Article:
Why Ranked-Choice Voting is bad

It was at a 1980 Alcoholics Anonymous meeting when someone is first recorded coining this famous aphorism: “Insanity is doing the same thing over and over and expecting different results.” You may have heard a rumor that Albert Einstein said it, and that would be false.

We live in an era, though, when the truth is subjective. If enough people believe a thing, it does not have to be true.

The coronavirus jumped to humans in a Wuhan seafood market. Vote-by-mail is fraudulent. Jared Kushner is a cyborg. The flu vaccine makes you susceptible to Covid-19. Hillary Clinton eats babies. All true, we’ve heard.

Just like the Romans reveled in gladiator games and torture, so too are our citizens addicted to conflict of their favorite untruths. Conflict is very entertaining, after all.

Our elections are the modern-day version of the Roman Colosseum. We keep the masses captivated with semi-regular clashes.

There is a 24-hour opinion industry that reaps the benefits of constant conflict coverage. Networks have devolved into de facto subsidiaries of the two major political parties.

And so, it goes. Another Black man receives unjust, extrajudicial capital punishment on our streets from a white police officer. No judge, no jury; just the death penalty, aired.

Protests turn counterproductive when Antifa socialist agitators (and white supremacists pretending to be Antifa) join in. Looters loot. Police shoot rubber bullets at badged media, on air. Our president openly calls for the shooting of looters. No trials or convictions required. Who needs a legal system? These ratings are gold.

We all seem to be living in a parallel universe, with time running in reverse. The 1960s are upon us and the 1860s may be on the horizon.

The root cause of all this suffering is plainly one fundamental flaw — the way we vote. A voter’s voice is limited to just one thumbs-up vote, which guarantees conflict.

A one-vote system always manifests over time into a tug-of-war, or actual war, between two major parties.

It also artificially empowers two ideological minorities to make them appear to be much larger than they really are. This is called a cramming effect. It inflates and emboldens extremists and unbalanced partisans, who then wrongly believe they represent a majority. In truth, Republicans and Democrats nowadays each represent less than 20 percent of the American electorate.

To make matters worse, some “reformers” prescribe a new way to vote, which is really the same old way in disguise. They call it ranked-choice voting — and it is yet another one-vote system.

Ranked-choice voting is spreading like a disease because Americans are desperate to try anything to fix their political system. And they are extremely gullible to disinformation that it will disrupt the two-party system. RCV will not.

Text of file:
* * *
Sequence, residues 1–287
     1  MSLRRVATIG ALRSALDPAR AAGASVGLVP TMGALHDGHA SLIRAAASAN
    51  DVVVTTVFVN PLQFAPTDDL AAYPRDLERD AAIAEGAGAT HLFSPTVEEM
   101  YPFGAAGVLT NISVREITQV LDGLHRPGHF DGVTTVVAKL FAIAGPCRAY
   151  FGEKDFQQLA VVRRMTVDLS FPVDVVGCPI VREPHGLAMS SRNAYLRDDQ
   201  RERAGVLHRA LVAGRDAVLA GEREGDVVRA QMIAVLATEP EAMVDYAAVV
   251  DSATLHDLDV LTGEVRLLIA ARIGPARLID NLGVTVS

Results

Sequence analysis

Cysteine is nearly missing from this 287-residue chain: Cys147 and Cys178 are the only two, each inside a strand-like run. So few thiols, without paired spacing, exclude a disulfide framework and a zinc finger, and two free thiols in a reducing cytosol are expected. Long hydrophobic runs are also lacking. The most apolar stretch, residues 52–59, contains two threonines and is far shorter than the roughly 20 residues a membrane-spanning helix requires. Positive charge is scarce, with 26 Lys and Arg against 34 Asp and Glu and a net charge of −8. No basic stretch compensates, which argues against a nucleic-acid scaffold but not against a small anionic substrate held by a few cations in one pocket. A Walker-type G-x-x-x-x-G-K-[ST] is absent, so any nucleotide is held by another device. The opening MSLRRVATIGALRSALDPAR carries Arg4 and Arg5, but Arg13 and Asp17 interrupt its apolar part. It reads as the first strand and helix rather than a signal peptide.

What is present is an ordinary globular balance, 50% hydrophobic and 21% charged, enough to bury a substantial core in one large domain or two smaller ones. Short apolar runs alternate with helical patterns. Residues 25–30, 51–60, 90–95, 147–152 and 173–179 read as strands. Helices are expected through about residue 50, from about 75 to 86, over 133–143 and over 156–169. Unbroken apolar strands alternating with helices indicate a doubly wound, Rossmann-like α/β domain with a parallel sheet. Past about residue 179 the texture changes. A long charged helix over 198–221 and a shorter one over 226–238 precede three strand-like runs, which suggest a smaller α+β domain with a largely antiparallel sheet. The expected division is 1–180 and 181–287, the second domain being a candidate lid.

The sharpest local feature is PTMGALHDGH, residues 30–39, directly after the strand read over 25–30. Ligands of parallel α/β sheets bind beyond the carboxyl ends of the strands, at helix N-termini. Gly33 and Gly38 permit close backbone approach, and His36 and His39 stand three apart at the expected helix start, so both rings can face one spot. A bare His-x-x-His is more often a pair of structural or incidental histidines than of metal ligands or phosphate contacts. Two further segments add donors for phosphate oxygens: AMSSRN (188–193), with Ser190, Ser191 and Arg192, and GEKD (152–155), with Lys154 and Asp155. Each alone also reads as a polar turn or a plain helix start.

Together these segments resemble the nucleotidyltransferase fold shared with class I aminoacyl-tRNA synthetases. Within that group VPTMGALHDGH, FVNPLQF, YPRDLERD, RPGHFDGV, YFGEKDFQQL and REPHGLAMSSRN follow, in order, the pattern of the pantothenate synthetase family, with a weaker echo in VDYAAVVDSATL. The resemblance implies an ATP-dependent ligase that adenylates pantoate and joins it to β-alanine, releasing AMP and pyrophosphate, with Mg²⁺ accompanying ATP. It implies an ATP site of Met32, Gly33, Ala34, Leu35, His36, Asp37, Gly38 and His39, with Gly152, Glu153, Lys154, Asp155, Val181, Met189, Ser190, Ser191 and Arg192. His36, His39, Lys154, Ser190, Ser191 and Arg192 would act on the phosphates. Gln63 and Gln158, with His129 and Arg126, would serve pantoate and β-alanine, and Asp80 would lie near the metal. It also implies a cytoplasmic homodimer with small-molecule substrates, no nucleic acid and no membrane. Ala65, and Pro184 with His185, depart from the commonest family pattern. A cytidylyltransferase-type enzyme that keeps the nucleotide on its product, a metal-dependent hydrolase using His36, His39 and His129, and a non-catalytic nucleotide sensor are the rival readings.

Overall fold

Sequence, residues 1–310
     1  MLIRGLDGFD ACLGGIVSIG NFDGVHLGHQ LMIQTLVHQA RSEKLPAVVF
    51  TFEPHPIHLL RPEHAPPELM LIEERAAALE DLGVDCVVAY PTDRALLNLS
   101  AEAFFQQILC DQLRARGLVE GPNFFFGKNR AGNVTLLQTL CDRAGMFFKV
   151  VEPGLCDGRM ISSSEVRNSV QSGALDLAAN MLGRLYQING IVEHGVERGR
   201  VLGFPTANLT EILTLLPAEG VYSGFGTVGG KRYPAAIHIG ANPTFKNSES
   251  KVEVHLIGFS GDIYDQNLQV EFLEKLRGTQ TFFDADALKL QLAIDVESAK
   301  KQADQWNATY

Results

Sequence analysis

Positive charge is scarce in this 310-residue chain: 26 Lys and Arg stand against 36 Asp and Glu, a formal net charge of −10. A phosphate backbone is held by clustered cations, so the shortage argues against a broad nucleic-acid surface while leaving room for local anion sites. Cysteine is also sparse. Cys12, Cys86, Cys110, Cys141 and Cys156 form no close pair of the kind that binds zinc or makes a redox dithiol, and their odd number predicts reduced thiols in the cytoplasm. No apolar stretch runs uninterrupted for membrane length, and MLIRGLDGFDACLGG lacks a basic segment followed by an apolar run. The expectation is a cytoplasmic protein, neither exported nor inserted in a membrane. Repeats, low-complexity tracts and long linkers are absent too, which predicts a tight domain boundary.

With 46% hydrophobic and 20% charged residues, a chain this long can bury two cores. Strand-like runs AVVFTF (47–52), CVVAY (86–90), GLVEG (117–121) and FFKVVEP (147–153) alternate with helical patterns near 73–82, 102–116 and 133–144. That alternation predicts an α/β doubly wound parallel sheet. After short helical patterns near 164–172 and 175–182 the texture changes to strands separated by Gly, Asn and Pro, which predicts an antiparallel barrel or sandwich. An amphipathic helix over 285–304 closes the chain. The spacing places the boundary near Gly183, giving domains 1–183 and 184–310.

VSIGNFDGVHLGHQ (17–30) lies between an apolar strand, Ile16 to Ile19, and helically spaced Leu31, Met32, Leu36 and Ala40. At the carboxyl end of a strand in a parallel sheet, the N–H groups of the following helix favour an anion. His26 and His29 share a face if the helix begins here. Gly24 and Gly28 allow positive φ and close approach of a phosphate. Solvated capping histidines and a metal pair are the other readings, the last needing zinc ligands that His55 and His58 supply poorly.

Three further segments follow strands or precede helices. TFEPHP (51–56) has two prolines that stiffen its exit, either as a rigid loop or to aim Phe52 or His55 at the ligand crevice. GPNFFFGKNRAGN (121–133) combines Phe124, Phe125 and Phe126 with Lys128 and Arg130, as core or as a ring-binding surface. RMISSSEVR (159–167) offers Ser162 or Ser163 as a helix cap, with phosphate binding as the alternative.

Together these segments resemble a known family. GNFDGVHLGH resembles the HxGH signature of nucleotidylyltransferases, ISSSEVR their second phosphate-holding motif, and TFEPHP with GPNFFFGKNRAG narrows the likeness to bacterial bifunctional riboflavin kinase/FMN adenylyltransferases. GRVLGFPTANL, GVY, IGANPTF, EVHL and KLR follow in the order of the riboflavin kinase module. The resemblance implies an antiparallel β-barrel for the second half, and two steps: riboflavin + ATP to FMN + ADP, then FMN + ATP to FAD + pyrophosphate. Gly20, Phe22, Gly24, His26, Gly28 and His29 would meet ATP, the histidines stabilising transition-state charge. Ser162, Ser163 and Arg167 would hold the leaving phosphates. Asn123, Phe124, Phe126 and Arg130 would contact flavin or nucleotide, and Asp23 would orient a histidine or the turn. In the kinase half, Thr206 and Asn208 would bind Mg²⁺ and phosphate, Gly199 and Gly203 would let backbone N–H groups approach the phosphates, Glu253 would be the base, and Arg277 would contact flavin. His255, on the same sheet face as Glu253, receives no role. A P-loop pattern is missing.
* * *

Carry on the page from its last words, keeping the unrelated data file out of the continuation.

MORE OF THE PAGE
That majority winner will always be from the two-party system because multiple independent and minor party candidates must all split votes with each other.

One-vote elections fuel negative propaganda and a money-in-politics arms race — then generate plenty of close contests.

Ranked-choice elections perpetuate the two-party system, artificially inflate those parties to make one appear dominant, further empowers extreme partisans — then generate even more close red vs. blue contests

And the prospect of razor-thin margins of victory enables foreign governments to meddle in elections, exacerbates the money-in-politics arms race, and cements the status quo.

RCV advocates shamelessly, and falsely, promote the opposite narrative. Here’s an example of the disinformation and another below how this false claim is constantly re-spread.

Imagine for a moment that we decided criminal guilt by popular opinion. Now, I know that RCV advocates are going to say, “You can’t possibly believe that crackpot Shannon fella. He’s the guy that thinks we should decide guilt based on popular opinion.”

To clarify, I do not think that we should resolve guilt or innocence based on popular opinion. It is just a useful mental exercise to illustrate how RCV fails.

So consider an opportunity to rank these three possible answers — President Trump, Minneapolis police officer Derek Chauvin or George Floyd himself — to the question: Who was responsible for George Floyd’s death?

This presents a complex dilemma. Because the first reaction for many is surely going to be “definitely not George Floyd!”

However, RCV prohibits you from voting against any options. You may only list in order of priority the options you favor.

Under RCV’s instant runoff system, the second-place finisher will get a head-to-head matchup runoff against the first-place option, with ballots with the third-place option on top getting redistributed to those voters’ next choices.

What if polls indicate well above one-third support for the idea that Floyd was responsible for his own death? What if many are also likely to vote that the president was responsible?

If you wanted Floyd to “lose the election” (as I would) but believe he is not going to be eliminated in the first round, your ranking decision would be influenced by your conclusion about whether Trump or Chauvin would fare better in a head-to-head against Floyd.

Accordingly, you cannot always vote sincerely with RCV. You must vote strategically to make sure your worst outcome does not prevail.

It would be much simpler just to vote thumbs-down against our worst outcome.

Unfortunately, Americans everywhere will adopt ranked-choice voting in the coming decades. Its momentum of untruth is unstoppable. It will become widely accepted before voters inevitably experience its shortcomings — and it will ultimately be repealed by voters, again. All that will cost us millions of dollars and many years of precious time.

But if Albert Einstein invented ranked-choice voting, who can be against it

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